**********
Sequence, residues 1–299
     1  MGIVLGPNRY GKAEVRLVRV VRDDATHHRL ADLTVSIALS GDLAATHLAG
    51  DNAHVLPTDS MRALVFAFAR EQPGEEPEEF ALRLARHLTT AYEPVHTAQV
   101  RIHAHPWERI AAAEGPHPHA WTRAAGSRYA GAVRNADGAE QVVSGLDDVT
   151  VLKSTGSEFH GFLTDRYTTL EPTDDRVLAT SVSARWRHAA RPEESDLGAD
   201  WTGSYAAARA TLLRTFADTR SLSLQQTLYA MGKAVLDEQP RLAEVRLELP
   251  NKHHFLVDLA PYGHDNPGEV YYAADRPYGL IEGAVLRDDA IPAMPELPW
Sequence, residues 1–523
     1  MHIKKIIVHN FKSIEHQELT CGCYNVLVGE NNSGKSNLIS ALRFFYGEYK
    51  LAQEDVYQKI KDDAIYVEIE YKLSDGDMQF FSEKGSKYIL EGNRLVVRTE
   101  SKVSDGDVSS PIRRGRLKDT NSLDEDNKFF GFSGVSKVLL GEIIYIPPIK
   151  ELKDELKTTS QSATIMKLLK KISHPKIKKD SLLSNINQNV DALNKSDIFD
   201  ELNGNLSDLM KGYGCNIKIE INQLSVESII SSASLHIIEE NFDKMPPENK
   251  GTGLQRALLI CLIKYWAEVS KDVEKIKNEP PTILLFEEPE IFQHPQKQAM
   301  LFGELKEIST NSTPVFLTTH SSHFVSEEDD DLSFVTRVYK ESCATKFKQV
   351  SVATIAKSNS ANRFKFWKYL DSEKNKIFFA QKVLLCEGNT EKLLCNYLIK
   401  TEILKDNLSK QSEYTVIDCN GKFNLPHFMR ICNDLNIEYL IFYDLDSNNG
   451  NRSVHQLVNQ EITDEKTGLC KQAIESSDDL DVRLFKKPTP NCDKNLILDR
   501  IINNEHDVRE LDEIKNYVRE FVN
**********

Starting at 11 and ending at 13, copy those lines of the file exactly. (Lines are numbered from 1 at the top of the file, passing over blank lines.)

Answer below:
   101  SKVSDGDVSS PIRRGRLKDT NSLDEDNKFF GFSGVSKVLL GEIIYIPPIK
   151  ELKDELKTTS QSATIMKLLK KISHPKIKKD SLLSNINQNV DALNKSDIFD
   201  ELNGNLSDLM KGYGCNIKIE INQLSVESII SSASLHIIEE NFDKMPPENK